Company secretaries are equally essential. The first incumbent was William Grice who, apart from war service in the armed forces, served from the start until his appointment as PRS secretary in 1952. Jack Pinfold succeeded him for the next 22 years until his death in 1974. The next appointment was Les Britton who, at the time, was also registrar of the society. When Les retired in 1985 his assistant, John Logan, just the right chap to take over as general secretary, and John’s dedication and motivation stands to this day.
Once only in its 75 year history has there been any misappropriation of the fund’s money. During the war a deputy company secretary chose to embezzle money entrusted to his care and his irregularities were not discovered until the auditors had completed their work. It did, however, serve to ensure safeguards against recurring!
With the society’s annual subvention the fund’s income steadily rose and by 1950 its assets exceeded £50,000. At the 25th anniversary in 1959 it was receiving an income of nearly £40,000, awarding grants of almost £20,000, making loans of some £12,000, having an investment valuation of around £130,000 and, at times, catering for up to 500 beneficiaries. With the addition of generous bequests, from March 1960 a return to the 1% annual contribution from the society became possible.
Its early investments were largely in the form of savings bonds but by 1968 a stock market portfolio was considered essential and the stockbroking firm Seymour Pierce was appointed to draw up an investment plan from which a fund portfolio could be established. Once introduced, the fund’s fortunes improved considerably, enabling society subventions to be further reduced until a low of 0.15% was reached in 1983. By then its investment policy enabled the fund to comfortably exist with no need for financial assistance from the PRS, but the decision was taken to maintain a modest annual donation so that by technically making a compulsory contribution from their own PRS royalties, no member who is financially distressed need hesitate in asking for help from the fund in times of sickness or hardship. A fixed annual sum of £25,000 is still paid to justify every member’s right to apply.
Over the years, several stock broking firms have been employed – the company presently looking after the fund fortunes is Messrs. Brewin Dolphin, whom we thank for their expertise and diligent attention to our requirements.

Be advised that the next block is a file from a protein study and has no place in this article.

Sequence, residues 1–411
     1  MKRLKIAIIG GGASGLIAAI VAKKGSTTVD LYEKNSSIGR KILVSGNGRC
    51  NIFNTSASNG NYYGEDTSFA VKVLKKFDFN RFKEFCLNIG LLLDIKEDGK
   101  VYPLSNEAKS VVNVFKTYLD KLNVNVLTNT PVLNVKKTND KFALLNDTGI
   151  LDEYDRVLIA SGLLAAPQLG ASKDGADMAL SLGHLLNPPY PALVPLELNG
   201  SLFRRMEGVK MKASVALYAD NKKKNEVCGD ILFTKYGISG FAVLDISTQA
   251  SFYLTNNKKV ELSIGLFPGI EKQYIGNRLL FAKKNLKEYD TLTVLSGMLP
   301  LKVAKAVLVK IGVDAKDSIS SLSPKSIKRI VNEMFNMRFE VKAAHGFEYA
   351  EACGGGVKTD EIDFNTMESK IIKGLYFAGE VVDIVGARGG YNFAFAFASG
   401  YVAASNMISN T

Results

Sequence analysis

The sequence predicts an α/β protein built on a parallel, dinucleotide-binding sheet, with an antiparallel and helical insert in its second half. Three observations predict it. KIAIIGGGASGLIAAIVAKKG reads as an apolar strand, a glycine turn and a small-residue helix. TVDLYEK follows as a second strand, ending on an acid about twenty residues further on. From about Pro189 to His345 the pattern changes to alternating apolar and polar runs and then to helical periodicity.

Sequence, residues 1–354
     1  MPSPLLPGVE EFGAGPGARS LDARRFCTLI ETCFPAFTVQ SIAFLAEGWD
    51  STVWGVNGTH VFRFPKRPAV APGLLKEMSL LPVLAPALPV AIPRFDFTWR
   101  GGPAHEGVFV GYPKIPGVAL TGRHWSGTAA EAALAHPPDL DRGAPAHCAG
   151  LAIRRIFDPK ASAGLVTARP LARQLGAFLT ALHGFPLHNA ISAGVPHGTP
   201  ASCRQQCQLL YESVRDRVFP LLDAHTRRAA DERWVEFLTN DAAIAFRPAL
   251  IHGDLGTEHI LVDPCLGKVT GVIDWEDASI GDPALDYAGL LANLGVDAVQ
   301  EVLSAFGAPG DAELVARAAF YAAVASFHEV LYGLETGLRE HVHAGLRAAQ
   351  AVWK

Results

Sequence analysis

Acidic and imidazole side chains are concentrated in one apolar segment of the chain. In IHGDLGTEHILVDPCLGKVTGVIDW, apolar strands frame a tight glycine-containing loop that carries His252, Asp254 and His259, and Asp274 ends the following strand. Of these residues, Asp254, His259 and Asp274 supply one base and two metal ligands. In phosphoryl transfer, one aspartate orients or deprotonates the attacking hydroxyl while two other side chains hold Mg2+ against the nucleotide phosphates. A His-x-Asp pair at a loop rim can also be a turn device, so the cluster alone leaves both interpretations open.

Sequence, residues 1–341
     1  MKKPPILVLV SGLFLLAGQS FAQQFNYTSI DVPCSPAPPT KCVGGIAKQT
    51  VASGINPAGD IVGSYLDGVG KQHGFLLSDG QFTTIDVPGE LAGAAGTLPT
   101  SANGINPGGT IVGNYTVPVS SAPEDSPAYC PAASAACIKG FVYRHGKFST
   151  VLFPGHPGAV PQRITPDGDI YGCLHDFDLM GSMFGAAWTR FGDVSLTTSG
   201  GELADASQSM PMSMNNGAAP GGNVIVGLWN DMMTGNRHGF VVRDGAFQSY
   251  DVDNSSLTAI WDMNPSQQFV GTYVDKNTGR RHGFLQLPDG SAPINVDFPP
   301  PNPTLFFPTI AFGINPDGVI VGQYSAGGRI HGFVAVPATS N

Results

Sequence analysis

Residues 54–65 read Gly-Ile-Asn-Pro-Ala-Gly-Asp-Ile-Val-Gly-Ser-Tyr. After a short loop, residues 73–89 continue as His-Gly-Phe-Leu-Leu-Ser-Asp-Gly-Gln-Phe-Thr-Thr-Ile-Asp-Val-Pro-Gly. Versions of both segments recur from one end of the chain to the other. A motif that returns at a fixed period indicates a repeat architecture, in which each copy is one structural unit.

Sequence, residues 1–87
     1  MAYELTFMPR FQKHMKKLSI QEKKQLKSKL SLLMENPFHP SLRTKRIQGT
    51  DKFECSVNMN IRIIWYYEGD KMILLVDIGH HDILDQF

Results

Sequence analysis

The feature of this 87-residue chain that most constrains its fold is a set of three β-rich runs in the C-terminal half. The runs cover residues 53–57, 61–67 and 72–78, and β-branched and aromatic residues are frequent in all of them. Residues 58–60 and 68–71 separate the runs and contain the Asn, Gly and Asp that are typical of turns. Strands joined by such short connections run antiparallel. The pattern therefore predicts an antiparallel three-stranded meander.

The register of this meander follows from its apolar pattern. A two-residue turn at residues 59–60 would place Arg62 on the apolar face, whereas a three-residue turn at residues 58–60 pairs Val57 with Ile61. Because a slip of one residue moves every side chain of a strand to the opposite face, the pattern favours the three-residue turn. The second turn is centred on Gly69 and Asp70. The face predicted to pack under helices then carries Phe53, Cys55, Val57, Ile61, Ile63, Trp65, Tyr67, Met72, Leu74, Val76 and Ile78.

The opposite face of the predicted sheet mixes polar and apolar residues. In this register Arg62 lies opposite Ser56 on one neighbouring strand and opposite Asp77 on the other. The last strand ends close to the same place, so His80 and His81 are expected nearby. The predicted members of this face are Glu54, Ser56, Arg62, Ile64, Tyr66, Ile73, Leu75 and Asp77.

Upon the establishment of an investment portfolio, a sub-committee was deemed essential to keep a watching brief on the broker’s activities and the fortunes, good or bad, of the equity holdings. Micky David was duly elected as chair of the new finance committee – a position he maintained until he reached the age of 88. Even then he did not retire but became a trustee – a role he conscientiously fulfilled until his death in 1999 at the very grand old age of 95. Although serving as a trustee at the time, I had the honour of being appointed the new finance chairman and am now in my 18th year in that capacity. The present practice is for the finance committee to meet with the brokers on a quarterly basis, when a thorough examination of their activity is undertaken in order to present a report to the main committee. Although the main input of its financial strength is through investment income, the fund is also reliant upon benefactors’ donations and particularly by being remembered in their wills.
The name Percy Fletcher is now all but forgotten to modern musical ears, but it is still fondly remembered within the fund’s history, He was a highly gifted light music and brass band composer and also an eminent theatrical conductor who sadly died in 1932 at the early age of 52, but leaving a sizeable portfolio of compositions. Upon the death in 1944 of Marie, his widow, a provision in her will directed that half the royalties payable to the Percy Fletcher estate should be paid to the fund, in memory of her late husband. A separate trust fund was set up and for many years the money supported a room dedicated in his name and situated in the Musicians’ Benevolent Fund’s former rest home in Westcliff-on-Sea, Essex. The Trust Fund wound up in 1987 when most of his works entered the public domain and the PRS income dried up. What little money remained was used to place a memorial plaque on the house in Farnborough in which he had lived.
Many eminent personalities have left valuable legacies to the fund – such names as Marc Bolan, Albert Ketelbey, Billy Mayerl, Leslie Osborne, W H Squire, Helen Taylor and Charles Williams are but a few whose continued royalty payments benefit the fund. There are also a number of members who, having responded to a recent appeal, donate a regular fixed percentage of their distributed royalties.
Staff and Committee